Horse owners in the Aachen and Düren areas of North Rhine-Westphalia, as well as some in the Belgian province of Lüttich, have seen their animals develop muscular problems and die, sparking fears that someone was poisoning them.
Now vets say they suspect the animals had developed atypical myopathy, which is a fatal disease linked to eating seeds from sycamore trees. It appears that only those horses which were being kept in fields had been affected – those kept inside were not.
The Westdeutsche Allgemeine Zeitung reported that more than 50 horses had died from the disease.
Johannes Hörmeyer, a vet from the Aachen Veterinary Office, recommended horse owners to check whether there were sycamore trees in or near their fields.
Jessika Cavalleri from the Horse Clinic at Hannover's Veterinary University said: "This is a very dangerous illness which is usually deadly."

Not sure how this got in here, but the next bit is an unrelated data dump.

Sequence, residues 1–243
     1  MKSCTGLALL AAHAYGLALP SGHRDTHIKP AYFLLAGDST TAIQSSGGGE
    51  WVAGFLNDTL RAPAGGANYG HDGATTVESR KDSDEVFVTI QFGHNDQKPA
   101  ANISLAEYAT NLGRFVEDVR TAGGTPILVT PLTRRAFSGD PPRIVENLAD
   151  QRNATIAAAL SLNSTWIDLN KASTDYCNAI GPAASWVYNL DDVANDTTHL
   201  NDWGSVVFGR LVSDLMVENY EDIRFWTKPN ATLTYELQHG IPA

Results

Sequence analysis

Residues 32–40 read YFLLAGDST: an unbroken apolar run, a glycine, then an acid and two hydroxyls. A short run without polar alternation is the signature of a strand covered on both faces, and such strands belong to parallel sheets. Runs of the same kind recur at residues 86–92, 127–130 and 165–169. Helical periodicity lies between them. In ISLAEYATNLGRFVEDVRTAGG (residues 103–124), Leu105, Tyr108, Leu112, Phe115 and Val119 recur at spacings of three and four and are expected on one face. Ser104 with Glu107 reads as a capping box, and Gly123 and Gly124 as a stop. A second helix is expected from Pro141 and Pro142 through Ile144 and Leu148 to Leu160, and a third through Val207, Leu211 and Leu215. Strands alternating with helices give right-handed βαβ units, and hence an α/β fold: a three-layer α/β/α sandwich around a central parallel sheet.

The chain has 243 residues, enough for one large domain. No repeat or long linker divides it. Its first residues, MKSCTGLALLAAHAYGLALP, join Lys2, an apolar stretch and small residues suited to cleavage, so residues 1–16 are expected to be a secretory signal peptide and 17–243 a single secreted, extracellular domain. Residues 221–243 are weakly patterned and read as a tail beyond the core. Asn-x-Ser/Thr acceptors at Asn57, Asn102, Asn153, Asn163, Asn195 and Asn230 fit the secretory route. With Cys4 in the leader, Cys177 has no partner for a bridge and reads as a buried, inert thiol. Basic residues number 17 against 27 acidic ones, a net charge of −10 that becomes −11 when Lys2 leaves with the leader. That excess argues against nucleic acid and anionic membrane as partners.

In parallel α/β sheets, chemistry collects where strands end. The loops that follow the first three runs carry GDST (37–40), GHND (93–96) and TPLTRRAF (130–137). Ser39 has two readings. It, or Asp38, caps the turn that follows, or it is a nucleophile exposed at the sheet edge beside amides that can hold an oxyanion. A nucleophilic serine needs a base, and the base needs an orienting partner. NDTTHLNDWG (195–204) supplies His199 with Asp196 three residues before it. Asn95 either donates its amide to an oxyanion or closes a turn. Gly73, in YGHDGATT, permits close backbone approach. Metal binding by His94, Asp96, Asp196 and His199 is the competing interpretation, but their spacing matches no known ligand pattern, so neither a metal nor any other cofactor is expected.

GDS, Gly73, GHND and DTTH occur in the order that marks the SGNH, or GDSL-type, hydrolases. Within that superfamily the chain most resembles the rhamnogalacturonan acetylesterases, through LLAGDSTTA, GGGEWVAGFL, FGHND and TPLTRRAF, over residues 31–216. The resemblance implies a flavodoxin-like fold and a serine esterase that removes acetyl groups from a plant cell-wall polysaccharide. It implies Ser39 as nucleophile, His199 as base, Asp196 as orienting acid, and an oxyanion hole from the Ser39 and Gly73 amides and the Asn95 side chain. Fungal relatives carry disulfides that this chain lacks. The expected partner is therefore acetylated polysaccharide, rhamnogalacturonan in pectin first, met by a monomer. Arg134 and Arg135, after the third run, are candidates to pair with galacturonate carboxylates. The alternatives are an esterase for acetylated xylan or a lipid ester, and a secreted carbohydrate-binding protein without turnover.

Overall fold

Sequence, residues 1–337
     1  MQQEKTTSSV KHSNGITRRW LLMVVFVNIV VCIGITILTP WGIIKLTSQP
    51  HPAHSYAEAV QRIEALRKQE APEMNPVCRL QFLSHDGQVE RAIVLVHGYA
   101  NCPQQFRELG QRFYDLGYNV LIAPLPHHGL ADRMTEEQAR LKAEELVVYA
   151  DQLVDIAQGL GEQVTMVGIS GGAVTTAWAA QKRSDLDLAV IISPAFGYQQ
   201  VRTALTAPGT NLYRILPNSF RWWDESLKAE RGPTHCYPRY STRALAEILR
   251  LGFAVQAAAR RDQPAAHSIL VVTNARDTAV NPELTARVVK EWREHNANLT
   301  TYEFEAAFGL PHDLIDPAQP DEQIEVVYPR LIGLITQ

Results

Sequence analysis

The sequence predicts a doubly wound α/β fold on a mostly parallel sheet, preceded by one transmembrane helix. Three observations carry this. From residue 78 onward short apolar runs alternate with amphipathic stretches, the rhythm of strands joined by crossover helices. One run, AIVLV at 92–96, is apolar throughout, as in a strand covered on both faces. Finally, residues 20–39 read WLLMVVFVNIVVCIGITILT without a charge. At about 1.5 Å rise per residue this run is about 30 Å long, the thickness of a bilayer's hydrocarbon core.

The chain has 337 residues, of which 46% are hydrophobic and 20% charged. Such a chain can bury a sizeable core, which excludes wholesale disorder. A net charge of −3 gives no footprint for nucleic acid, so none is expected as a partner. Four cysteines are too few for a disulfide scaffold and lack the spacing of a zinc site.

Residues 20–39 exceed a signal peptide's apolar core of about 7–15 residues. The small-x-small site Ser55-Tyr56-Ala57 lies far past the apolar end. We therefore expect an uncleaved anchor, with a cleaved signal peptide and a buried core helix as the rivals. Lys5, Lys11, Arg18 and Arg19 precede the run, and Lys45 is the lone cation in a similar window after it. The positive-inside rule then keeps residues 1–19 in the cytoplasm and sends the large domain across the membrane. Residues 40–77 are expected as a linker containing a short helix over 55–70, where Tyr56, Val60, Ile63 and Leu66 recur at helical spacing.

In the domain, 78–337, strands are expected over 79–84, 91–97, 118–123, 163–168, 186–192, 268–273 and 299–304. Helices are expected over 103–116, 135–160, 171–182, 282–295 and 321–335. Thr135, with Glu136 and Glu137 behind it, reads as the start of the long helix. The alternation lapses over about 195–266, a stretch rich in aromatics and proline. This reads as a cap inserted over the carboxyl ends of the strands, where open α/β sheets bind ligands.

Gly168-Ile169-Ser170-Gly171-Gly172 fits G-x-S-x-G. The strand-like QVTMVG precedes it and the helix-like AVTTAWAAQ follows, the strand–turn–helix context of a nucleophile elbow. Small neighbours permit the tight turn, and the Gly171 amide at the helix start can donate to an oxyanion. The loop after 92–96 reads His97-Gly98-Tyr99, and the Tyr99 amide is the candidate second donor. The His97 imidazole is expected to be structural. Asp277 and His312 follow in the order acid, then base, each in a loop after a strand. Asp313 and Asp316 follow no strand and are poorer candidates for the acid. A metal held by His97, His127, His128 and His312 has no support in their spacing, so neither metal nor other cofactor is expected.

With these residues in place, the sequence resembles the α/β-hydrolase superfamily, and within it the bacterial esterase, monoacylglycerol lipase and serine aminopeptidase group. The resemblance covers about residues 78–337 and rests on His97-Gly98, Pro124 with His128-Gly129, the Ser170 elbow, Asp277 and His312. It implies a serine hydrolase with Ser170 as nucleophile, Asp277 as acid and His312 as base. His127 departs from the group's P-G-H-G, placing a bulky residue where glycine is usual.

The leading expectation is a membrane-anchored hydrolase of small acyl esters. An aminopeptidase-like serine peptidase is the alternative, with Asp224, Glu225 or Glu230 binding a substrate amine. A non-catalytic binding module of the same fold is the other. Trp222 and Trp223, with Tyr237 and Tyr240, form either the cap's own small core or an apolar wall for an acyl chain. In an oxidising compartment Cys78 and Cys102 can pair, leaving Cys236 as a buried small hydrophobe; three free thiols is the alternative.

It would seem the illness comes in waves, with many cases surfacing in 2005 and 2009. Cavalleri said this could be related to weather conditions or changing toxin levels in the trees.
Dozens of horses are said to have died in North Rhine-Westphalia over the last few weeks, but the disease does not have to be registered with authorities so Cavalleri said it was impossible to say how many horses had been affected.